WEST PARIS— Rumor of the snowy owl spread quickly.

Inside Western Maine Steel in West Paris, MaryAnne Knowlton could see cars pulling off onto the shoulder of Route 26, blinkers flashing a warning as tractor-trailers about their business roared by, oblivious to the spectacle.

She didn’t blame them, even when a procession of cars lined the road, looking for all the world like an accident had brought traffic to a halt; Knowlton was curious too.

“We’ve been keeping tabs on him,” she says.

Past hills mined into sand dunes, a spattering of economic development and lone homes, on an innocuous if panoramic stretch of road – the background of a wide field spliced by the Little Androscoggin River is framed by windmills sprouting from distant, green hills—the white owl sits perched atop a telephone pole. He’s been there for over a week.

Residents first noticed the bird last week, and began lining up and making special excursions just to gawk at the sight.

West Paris’ new fowl is believed to be a remnant of a massive influx of owls flown down from the Arctic following the largest population boom in 40 years, according to Doug Hitchcock of the Maine Audubon Society.

Fueled by an irruption in the population of lemmings—the owls’ primary prey—snowy owls had a record population bloom, much of which then made the annual migration south in search food and space.

This year is odd not for the daytime sightings—snowy owls, unlike other owl specie, hunt during the day —but for their sheer number and the late duration of the birds’ stay, Hitchcock says.

After growing fat and strong hunting south of the Arctic for a season, young males typically begin migrate north by March and have all but disappeared by April.

Giving rise to the late departure is not last winter’s harsh and prolonged season, but instinct: given the population irruption, competition for food is greater. As a young male, the West Paris owl isn’t likely destined to breed this year, so he’s not speeding home.

“He can’t compete with adults that know what they’re doing. It comes down to food availability in the nesting season,” Hitchcock says.

No one really knows how many of the birds migrated south over the winter—it may be in the hundreds—but the effects of the influx have been clear.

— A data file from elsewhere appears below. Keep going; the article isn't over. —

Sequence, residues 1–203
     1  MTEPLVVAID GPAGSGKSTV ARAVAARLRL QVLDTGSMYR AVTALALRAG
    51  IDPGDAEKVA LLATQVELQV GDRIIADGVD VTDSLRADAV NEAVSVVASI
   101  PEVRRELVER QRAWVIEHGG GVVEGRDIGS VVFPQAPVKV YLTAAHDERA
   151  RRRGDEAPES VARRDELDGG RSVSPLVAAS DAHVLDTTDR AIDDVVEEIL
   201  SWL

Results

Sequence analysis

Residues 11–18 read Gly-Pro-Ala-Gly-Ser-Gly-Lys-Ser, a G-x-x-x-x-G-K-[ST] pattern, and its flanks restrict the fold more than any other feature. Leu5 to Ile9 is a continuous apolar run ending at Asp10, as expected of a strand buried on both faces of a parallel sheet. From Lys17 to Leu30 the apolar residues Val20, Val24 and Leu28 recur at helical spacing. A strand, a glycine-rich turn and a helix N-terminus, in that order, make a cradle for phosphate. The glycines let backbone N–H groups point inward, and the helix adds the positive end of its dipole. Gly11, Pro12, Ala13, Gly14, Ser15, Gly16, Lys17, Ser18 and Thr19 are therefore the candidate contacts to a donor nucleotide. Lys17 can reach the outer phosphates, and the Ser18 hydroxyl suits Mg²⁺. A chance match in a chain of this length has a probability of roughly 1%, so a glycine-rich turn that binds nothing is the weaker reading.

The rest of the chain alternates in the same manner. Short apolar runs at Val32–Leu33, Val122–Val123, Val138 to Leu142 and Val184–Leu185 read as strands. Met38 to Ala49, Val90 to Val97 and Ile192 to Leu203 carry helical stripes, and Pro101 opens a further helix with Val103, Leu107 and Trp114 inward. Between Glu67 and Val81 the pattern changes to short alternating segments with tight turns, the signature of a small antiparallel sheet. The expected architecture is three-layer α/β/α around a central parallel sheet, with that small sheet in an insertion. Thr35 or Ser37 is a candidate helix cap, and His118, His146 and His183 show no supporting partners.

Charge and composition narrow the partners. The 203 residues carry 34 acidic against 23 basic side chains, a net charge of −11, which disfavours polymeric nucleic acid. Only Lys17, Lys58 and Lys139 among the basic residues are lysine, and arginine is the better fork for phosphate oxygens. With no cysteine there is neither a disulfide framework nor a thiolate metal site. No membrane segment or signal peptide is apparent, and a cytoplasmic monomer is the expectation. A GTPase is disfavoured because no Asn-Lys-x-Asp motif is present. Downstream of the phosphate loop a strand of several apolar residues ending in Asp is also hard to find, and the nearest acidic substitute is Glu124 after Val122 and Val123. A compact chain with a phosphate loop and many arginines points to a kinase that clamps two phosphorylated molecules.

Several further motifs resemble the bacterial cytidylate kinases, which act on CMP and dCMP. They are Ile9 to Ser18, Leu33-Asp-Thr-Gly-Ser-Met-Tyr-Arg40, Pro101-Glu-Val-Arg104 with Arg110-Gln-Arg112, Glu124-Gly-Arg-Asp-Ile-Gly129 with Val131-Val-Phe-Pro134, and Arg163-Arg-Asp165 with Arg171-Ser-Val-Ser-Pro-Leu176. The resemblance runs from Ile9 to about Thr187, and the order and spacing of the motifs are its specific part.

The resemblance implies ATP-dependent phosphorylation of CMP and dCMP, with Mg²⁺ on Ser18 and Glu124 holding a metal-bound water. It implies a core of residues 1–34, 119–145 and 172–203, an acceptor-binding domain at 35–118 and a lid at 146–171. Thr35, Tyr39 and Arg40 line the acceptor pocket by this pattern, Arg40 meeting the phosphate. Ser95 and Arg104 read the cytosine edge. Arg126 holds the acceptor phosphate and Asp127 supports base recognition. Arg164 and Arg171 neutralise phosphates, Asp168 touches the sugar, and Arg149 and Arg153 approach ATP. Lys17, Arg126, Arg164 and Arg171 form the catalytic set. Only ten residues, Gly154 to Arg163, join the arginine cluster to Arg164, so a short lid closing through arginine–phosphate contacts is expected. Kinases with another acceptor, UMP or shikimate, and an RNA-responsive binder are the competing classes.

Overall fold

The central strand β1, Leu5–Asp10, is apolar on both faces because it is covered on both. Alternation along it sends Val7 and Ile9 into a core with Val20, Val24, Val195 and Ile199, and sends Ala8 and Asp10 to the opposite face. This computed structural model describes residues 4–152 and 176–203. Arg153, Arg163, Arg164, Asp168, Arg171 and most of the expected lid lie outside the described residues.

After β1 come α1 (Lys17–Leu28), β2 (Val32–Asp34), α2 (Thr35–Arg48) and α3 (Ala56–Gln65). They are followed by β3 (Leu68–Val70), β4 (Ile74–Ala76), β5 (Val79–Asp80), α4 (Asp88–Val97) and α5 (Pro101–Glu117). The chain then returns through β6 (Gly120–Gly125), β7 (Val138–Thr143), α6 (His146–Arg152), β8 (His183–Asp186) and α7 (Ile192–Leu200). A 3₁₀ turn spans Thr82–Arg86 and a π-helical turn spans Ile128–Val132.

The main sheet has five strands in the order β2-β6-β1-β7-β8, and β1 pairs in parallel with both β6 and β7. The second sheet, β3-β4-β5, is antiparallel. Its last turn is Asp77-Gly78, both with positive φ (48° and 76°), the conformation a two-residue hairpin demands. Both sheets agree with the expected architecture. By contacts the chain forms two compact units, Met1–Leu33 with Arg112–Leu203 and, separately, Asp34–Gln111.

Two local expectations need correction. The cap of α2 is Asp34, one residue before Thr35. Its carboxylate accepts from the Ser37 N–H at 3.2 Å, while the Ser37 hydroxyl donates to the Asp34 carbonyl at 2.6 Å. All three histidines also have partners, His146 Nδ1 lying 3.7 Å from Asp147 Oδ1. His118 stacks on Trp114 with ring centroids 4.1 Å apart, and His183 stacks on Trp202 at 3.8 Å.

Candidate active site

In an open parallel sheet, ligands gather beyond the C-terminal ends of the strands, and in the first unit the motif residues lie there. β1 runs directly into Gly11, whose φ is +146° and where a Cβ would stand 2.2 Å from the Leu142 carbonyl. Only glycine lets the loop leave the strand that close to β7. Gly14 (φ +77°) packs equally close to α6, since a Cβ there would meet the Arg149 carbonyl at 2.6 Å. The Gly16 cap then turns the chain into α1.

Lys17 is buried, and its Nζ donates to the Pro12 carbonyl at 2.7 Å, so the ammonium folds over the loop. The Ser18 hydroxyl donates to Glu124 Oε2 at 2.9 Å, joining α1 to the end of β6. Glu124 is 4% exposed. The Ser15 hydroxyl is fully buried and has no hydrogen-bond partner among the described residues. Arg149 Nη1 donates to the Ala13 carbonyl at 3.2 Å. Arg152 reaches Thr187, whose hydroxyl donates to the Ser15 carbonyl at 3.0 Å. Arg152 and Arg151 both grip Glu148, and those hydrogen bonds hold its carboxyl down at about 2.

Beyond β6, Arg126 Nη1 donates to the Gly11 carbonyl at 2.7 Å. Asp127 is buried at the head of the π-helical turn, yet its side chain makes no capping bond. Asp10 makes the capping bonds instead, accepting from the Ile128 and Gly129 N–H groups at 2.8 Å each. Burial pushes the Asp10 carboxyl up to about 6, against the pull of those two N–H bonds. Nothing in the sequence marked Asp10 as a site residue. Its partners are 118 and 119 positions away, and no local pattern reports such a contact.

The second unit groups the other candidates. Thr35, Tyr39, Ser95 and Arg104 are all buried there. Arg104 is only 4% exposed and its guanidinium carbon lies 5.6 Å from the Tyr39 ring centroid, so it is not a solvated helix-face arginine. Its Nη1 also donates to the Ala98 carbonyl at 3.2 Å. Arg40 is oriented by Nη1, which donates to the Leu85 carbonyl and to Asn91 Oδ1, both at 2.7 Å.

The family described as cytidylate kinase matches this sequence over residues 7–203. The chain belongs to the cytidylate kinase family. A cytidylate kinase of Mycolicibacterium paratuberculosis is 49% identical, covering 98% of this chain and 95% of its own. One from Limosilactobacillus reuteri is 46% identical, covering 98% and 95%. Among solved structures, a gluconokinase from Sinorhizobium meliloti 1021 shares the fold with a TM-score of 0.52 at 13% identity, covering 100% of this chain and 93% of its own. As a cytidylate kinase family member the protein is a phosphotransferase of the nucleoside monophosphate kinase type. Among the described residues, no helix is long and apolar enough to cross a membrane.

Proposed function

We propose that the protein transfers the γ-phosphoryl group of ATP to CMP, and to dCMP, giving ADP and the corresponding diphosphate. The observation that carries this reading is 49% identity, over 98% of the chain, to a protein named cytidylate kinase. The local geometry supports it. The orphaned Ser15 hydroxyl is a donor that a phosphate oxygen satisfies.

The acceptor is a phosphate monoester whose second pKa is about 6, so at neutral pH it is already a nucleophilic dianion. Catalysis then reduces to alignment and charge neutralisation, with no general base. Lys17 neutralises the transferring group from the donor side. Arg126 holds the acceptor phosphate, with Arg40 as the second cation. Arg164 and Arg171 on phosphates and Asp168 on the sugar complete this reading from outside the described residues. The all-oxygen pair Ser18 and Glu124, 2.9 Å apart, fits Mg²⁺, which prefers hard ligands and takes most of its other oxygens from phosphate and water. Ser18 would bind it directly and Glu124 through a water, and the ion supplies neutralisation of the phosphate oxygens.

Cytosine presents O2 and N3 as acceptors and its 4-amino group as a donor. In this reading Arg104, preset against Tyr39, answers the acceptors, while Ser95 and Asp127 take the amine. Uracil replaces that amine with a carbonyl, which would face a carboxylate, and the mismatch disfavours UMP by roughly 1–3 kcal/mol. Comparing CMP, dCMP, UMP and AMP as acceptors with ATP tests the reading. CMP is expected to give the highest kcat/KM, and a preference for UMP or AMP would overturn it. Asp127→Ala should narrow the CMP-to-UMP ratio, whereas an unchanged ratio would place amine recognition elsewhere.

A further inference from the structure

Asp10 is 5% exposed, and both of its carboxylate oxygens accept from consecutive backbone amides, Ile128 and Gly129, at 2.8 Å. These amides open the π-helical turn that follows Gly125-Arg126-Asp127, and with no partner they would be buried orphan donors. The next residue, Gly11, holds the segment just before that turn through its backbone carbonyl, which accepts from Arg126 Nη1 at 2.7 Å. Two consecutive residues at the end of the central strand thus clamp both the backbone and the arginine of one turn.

“I think the last count I heard was 19 owls had to be removed from the [Portland International] Jetport. I think most years they might get one, maybe two,” he says.

The prolonged stay may be atypical, but it’s not harmful to the bird. In spite of their colorings, the spring’s natural foliage isn’t a deterrent to snowy owls.

Snowy owls flourish given a high perch, which explains its chosen workstation. As predators atop their food chain, snowy owls swoop down suddenly from above, seizing unsuspecting prey in their talons.

The natural trajectory of the owls life-cycle encourages yearly sightings: owls eat the lemmings, give birth and since food is now scarce, fly south in the search for more meals while the lemmings repopulate. What’s unusual, Hitchcock says, is the bird should be home by now.

“How cool would that be to say you saw a snow owl in Maine in June? The latest date I’ve heard is the first week of May.”

The West Paris sighting isn’t the only occurrence lately. Norway resident Mary Van Nest, who along with husband Robert hold an annual migratory bird walk on their 80-acre Pikes Hill Farm, said a snowy owl was seen circling her property shortly before one appeared in West Paris.

Sending the local song birds scattering, it spent the day perched atop a bird house, trapping a lone, likely petrified sparrow inside.

The sightings are a boon for many a would-be birdwatcher, though they aren’t the only ones enjoying the view: attaching transmitter’s to several owls along the coast, Hitchcock says scientists were startled after tracking some unusual coastal nighttime hunting excursions.

“[Researchers] realized the birds were going out at night and picking off ducks that were sleeping in the bay, which is just awesome and not a recorded behavior for these winter owls,” he says. “Ducks aren’t small. It’s a big meal for them.”


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